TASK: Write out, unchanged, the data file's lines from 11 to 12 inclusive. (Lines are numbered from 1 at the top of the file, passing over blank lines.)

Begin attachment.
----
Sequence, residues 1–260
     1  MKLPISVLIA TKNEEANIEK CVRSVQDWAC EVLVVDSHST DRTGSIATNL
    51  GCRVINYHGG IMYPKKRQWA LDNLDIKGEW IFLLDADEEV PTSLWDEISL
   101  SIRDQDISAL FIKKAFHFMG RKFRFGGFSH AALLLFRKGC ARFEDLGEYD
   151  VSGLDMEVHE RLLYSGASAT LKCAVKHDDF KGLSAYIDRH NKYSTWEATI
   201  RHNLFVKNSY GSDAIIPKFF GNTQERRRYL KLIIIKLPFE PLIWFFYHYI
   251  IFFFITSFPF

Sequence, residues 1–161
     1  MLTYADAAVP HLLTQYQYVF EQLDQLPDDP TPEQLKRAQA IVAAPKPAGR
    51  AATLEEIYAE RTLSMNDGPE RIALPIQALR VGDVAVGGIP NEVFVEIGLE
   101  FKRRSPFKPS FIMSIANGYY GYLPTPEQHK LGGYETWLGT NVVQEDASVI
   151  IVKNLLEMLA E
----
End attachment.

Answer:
   101  FKRRSPFKPS FIMSIANGYY GYLPTPEQHK LGGYETWLGT NVVQEDASVI
   151  IVKNLLEMLA E